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Heating

There are many ways to heat a home. You can use a woodstove, propane stove, oil burner or solar windows. The simplest is solar heat.

Solar heat is wonderful in the Winter. It is so quiet and peaceful. Sunshine streaming through a window warms the room. It warms you. It warms the air and any thermal mass that it hits. Sunshine brings light and pleasantness into a home. Sunshine during the winter makes the home cheery.

While windows can let light pour through during the day, the cool the air because of lack of insulation during the night. But not to worry, you can simply cover the windows with made-to-size pieces of solid foam insulation.

Heat Gain through Windows

It is a universally recognized way of heating a home by building in south-facing windows. During the winter months, the sun is lower in the sky. It appears to rise in the South East and sets in the south west. That means that you would get little light through the East or West facing windows. However, during summer mornings, the sun will shine into the home on the East and also shine in the evening through West facing windows.

There are solar calculators that can help you find how long the sun could shine (without clouds), where it will rise, where it will set, how high (in degrees) above the horizon it will rise, etc for any day of the year. The solar calculator is a very valuable tool for designing a solar-heated home.

Conserving Heat: Solar Heat Storage

It is a simple premise that you can gain solar energy only when the sun is shining. Without a way of storing this energy, the temperature in a home will fall. Air itself does not hold heat for very long. To hold solar energy gained during the day, a thermal mass is used to store day time solar energy and release it when the sun is not shining.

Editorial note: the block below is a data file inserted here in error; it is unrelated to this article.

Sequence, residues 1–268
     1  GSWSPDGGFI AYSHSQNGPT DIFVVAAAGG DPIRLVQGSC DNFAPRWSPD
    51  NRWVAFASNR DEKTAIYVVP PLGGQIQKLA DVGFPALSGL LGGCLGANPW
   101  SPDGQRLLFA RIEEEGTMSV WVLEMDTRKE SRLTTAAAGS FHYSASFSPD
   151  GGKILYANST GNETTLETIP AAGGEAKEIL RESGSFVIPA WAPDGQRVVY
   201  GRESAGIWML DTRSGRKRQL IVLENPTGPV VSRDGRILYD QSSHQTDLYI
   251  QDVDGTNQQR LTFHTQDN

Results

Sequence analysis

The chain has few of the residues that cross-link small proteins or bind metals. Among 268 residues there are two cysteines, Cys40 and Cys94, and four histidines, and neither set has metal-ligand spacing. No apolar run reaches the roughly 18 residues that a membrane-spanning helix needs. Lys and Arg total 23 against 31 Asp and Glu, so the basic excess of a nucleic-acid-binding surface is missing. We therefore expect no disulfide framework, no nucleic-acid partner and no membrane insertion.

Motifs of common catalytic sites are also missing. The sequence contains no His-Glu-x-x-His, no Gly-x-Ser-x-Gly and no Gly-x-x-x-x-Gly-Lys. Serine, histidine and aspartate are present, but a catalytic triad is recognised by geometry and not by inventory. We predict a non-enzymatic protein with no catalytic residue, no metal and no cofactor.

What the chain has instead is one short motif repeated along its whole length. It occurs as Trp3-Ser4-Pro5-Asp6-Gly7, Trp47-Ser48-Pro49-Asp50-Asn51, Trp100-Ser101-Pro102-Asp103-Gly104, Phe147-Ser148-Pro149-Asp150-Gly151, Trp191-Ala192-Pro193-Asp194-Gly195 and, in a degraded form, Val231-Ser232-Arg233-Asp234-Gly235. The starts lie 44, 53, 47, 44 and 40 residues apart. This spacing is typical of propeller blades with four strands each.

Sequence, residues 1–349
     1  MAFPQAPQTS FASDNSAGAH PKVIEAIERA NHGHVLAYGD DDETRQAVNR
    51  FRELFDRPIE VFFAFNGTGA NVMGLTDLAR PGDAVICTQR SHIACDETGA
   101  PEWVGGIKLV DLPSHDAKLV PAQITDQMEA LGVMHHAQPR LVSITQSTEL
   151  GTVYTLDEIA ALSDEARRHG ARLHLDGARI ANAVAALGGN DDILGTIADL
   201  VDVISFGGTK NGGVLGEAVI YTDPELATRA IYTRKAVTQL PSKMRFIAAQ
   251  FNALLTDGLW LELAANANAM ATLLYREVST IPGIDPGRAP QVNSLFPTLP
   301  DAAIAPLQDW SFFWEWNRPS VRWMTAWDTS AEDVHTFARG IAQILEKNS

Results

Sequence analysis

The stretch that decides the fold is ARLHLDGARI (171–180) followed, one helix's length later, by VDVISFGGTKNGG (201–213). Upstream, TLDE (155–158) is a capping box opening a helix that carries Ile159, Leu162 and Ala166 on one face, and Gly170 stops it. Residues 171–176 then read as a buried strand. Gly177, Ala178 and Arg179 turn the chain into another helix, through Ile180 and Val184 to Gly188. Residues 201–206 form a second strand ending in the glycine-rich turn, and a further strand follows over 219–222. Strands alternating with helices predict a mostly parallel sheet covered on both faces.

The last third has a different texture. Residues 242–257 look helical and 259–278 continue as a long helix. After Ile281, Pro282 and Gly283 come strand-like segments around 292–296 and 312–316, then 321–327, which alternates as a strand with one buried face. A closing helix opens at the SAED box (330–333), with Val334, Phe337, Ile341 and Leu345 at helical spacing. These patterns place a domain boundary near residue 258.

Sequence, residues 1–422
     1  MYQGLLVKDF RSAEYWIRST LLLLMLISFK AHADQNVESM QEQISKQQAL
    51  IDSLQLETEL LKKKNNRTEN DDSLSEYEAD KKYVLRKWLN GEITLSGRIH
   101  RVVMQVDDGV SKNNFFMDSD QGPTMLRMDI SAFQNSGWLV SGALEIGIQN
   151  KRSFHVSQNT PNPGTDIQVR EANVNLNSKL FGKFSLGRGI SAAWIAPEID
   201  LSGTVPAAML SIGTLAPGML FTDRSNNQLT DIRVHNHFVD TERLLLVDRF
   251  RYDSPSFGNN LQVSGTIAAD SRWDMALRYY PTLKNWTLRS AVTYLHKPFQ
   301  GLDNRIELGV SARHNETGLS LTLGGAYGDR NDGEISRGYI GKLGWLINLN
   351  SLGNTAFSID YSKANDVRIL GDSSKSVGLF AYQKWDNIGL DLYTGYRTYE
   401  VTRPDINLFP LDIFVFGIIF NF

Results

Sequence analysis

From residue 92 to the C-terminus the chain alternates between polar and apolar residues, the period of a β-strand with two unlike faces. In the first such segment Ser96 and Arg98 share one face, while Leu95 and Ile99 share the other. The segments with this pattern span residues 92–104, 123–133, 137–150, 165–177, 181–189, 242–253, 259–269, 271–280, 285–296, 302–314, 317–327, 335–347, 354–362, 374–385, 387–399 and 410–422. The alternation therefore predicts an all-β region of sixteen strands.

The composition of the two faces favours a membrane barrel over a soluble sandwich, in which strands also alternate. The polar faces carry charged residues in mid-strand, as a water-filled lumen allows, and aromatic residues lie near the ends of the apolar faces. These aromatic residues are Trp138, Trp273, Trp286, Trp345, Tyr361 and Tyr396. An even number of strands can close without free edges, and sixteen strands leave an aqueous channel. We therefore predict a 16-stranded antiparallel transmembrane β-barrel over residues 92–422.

Thermal mass is used to store solar heat. Since the sun may only shine for 8 days out of the year in winter (depending on where you live), then this heat needs to be saved and then released when outside the temperature falls.

Reducing Heat Loss by Minimizing Temperature Differences

It's a principal concept in heat conservation that when temperature differences are greatest, then heat transfer is greatest. To minimize heat loss from a home, the temperature difference between the inside of the home and the outside of the home should be minimized.

During the winter, it could be -20 degrees Farenhet air temperature outside your home. The ground underneath and beside your home could be 20 degrees F because of the enourmous mass of the ground. And it may be 70 degrees inside your home (due to heating).

Now let's do some math and see where the greatest temperature difference lies. The difference between inside and outside air temperature would then be 70 deg F - (-20 deg F) = 90 degrees temperature difference! The temperature difference between the inside air temperature and the ground temperature would be 70 degrees - 20 degrees = 50 degrees temperature difference. Can you see where I'm going with this? Which temperature differnce would you prefer during really cold weather? The temperature difference of 90 degrees with the air or 50 degrees with the ground?

You can minimize temperature differences between inside and outside of your wall and insulation by digging into the ground and/or berming earth around your dwelling. (Obviously you shouldn't start throwing dirt against you foundating and siding up to 6 feet deep without considering rot, moisture, and structurural strength.) While the earth you berm against your home will be more exposed to the air and in less contact with the dirt to the side of it, it will have a much greater thermal mass than the air and thus reduce temperature difference.

Reducing Heat Loss by Insulating

Insulation reduces heat transfer. By putting insulation between the item you are trying to keep warm and the item that is cold, you reduce heat transfer. You can put insulation in walls between studs in wood walls. You can install solid foam insulation between the exterior plywood and the siding to even cover around the studs and even the plywood. There are different insulations for between stud walls (fiberglass batting), solid foam insulation for fastening outside the exterior plywood and even spray-foam insulation for outside domed surfaces and concrete walls.


The information on this website is for informational purposes only. Use at your own risk. I am not responsible.